Pan Haggerty taken from Yorkshire Cooking with Mrs Simkins
This traditional potato dish can be traced back mainly to the northern counties of England: Lancashire, Yorkshire, Cumbria, Durham, and Northumberland
Originally, pan haggerty was made on the hob in a single pan which was then taken to the table. If the household budget didn’t run to plates, everybody could help themselves straight from the pan.
Some say the name may originally have come from the old English word for the cooking pan itself: panhin . Haggerty may also be something to do with the ragged hash-like look of the finished dish.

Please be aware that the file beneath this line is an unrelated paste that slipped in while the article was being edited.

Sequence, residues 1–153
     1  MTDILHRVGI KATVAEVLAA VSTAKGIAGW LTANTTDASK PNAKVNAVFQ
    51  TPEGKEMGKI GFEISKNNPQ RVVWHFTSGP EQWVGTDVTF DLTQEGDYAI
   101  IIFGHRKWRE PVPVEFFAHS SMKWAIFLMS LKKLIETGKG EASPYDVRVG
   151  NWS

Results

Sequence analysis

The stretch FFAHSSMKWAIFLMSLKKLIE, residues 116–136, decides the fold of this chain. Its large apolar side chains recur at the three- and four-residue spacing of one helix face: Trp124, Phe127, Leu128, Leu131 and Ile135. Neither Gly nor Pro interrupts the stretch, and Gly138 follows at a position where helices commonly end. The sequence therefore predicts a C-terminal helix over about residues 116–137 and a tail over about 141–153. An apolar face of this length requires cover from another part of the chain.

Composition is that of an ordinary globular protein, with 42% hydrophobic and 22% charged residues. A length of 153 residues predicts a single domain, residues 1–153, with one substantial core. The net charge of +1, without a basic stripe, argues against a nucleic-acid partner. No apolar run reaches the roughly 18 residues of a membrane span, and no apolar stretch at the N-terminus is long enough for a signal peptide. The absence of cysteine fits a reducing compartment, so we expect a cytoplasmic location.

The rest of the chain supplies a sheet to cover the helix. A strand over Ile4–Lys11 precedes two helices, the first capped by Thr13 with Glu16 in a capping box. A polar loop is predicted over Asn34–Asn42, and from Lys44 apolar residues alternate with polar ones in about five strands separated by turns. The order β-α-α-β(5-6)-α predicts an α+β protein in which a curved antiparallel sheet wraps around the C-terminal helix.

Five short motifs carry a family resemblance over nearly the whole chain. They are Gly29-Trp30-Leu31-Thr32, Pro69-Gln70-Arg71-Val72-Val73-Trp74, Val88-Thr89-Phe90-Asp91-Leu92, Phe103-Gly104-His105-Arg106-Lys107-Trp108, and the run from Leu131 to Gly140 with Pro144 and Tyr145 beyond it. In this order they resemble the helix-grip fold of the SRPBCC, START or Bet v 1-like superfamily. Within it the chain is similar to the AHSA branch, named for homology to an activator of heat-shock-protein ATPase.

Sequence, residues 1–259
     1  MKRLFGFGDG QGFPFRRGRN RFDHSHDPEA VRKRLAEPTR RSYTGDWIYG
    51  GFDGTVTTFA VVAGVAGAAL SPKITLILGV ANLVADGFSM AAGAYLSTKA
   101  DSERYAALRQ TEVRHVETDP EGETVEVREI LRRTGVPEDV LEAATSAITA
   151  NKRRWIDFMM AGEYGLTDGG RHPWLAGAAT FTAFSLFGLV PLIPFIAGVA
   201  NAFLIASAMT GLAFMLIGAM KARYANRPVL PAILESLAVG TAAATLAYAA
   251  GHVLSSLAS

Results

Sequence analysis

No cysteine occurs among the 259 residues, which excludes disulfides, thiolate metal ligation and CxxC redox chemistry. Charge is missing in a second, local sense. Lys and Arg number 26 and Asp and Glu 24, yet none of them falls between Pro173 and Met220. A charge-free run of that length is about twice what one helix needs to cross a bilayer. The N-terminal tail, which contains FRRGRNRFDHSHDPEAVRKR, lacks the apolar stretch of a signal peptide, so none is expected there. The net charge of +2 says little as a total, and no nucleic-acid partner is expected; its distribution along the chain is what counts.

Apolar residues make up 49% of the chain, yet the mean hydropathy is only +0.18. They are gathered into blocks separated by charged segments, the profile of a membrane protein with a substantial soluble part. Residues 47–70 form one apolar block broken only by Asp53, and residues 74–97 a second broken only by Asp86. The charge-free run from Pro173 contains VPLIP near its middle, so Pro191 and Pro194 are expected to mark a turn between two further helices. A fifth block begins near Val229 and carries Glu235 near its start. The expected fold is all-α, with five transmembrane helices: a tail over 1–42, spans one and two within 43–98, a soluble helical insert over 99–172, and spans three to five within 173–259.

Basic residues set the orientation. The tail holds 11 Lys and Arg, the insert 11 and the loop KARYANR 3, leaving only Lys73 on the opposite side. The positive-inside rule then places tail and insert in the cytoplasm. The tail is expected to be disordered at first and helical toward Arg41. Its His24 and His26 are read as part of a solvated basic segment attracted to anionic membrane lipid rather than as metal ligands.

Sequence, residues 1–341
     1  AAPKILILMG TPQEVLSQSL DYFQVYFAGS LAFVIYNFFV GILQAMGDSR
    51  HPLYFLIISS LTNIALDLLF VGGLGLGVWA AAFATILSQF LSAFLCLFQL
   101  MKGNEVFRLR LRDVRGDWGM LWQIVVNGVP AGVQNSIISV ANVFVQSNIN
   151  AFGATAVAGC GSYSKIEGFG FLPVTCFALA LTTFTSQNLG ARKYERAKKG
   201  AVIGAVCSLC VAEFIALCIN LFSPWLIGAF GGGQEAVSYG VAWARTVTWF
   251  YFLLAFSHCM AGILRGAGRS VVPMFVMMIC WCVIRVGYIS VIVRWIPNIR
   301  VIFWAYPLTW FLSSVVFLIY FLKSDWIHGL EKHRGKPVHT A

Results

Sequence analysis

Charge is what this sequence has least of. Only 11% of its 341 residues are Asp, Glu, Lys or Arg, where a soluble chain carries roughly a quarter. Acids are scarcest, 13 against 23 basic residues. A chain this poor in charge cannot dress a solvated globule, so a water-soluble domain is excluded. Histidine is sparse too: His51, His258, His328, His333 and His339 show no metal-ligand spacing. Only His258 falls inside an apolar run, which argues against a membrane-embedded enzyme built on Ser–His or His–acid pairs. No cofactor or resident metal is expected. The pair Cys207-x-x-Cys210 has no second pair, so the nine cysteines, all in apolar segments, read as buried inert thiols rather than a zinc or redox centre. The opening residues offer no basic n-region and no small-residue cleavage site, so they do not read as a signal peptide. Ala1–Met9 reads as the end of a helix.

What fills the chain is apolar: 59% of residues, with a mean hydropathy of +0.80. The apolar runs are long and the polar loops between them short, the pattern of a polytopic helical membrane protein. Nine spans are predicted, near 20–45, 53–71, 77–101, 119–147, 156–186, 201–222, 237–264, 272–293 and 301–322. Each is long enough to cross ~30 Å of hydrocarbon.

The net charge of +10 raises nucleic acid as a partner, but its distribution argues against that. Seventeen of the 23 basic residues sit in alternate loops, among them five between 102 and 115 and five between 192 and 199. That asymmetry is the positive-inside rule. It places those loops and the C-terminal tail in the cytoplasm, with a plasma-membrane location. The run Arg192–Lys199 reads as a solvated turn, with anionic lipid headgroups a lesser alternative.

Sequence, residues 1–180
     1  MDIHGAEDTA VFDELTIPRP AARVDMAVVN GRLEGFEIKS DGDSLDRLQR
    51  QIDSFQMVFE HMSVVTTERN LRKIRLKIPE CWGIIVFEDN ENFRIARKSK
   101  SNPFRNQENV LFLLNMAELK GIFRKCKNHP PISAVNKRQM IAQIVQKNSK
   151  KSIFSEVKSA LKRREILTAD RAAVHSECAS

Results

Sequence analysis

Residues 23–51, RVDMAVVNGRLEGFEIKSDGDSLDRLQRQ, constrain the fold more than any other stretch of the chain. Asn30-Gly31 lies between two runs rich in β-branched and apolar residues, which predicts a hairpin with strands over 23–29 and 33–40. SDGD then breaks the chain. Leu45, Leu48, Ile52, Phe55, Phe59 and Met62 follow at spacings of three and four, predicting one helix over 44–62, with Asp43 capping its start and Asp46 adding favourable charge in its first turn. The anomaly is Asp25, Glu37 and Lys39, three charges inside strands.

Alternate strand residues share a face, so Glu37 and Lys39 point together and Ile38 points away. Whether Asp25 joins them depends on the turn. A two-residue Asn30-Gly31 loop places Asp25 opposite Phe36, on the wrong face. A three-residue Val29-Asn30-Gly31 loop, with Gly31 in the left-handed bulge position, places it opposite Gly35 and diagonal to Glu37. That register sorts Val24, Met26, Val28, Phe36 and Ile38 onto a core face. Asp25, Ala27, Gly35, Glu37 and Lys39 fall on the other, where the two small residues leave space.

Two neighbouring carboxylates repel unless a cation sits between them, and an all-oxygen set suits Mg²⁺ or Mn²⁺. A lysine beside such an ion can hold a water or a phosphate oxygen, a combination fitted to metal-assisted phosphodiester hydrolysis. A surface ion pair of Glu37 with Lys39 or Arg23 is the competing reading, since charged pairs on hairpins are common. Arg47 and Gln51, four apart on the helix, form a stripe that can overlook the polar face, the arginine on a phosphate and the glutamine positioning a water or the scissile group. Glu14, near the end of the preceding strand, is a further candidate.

For tastiest results, pre-cook the potatoes and onions as follows and bake in the oven instead: the flavours blend beautifully together and then you can guarantee the potatoes will be really soft and cooked through.
For 2-4 servings
- 700-800g (1½ lbs) cold boiled potatoes sliced, not too thinly
- 1large onion, sliced
- 1-2 tablespoons vegetable oil
- Freshly ground black and ground white pepper and a little salt
- Around 50g (2oz) grated cheese
Preheat oven to 180C (fan oven) gas mark 6 or equivalent.
You will need a buttered oven proof dish
Fry the onions slowly until soft and turning golden.
Arrange half the potatoes on the dish; season and spread the onions over.
Cover with the remaining potatoes and season again.
Bake for 15 minutes, remove from the oven and scatter with cheese. Return to the oven for a further 10-15 minutes. Serve immediately. Fabulous!